Current Issue of Becker's Hospital Review

November 2019 Issue of Becker's Healthcare Review

 

ON THE COVER

Championing better care 8,000 miles from home: Meet Tamra Minton, UPMC International's new VP of nursing and quality
In September, UPMC named Tamra Minton, MBA, MSN, RN, vice president of nursing and quality for UPMC International, a role in which she will work with UPMC's public and private partners in Ireland, Italy, China and Kazakhstan.

Living Like a Leader: A day with LifePoint Health's President and CEO David Dill
I am working on being more effective about scheduling a margin in my calendar for more time to think and explore new ideas.

'More care for more kids': Passion for the mission drives new Driscoll Health CFO
Driscoll Health System's mission is to provide care to more children in need, and that's a goal its new CFO can get behind.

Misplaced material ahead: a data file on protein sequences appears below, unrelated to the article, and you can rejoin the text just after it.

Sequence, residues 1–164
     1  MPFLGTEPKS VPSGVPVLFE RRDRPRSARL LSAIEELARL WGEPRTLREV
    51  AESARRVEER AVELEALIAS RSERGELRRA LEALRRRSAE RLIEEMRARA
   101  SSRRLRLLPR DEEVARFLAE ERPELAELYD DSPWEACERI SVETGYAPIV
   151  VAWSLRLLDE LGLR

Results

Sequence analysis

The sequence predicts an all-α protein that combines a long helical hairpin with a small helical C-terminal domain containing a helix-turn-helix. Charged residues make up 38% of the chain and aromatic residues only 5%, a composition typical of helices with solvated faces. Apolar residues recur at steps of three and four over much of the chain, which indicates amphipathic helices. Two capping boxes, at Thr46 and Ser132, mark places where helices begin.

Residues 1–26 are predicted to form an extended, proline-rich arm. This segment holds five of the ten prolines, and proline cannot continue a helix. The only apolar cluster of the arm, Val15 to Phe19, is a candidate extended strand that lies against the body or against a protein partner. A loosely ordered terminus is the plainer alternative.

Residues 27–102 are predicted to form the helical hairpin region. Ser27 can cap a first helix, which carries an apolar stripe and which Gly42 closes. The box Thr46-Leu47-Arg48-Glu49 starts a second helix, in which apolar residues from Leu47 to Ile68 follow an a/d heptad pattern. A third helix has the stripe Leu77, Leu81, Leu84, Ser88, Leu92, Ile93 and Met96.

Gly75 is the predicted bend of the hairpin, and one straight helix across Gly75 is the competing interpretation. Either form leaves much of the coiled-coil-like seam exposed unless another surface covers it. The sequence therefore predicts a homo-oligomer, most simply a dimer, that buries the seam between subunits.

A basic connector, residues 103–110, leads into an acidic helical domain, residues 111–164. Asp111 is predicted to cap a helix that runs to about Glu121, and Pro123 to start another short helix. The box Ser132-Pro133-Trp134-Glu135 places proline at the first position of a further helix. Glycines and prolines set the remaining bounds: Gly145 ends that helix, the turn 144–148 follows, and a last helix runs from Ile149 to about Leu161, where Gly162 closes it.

Leaders, let's not forget our most important 'skill'
In pursuit of my doctorate in business administration, I have spent a great deal of time reviewing research to more thoroughly understand how modifications in leadership styles and a greater focus on organizational culture can help drive quality and access to patient care while keeping costs in check.

Michael Dowling: Health reform begins with making better lifestyle choices
As healthcare continues to be a top-ticket item for the 2020 presidential election, I've noticed that talk of reform overlooks one major stakeholder: the patient.

Corner Office: Why CHLA CEO Paul Viviano feels blessed and how he gives back
A California native, Paul Viviano's three decades of healthcare leadership have been driven by a calling to support his community however possible.

38 best-rated commercial health plans for 2019
The National Committee for Quality Assurance ranked Capital District Physicians' Health Plan, Kaiser Foundation Health Plan of the Mid-Atlantic States and Tufts Benefit Administrators among its highest-performing commercial health plans for 2019-20.

Walmart unveils plan to build healthcare workforce: 5 things to know
As Walmart pushes deeper into healthcare, the retail giant is rolling out education benefit programs to help its employees prepare for new jobs.

Why UCSF Health's patient initiatives don't feel like the flavor of the month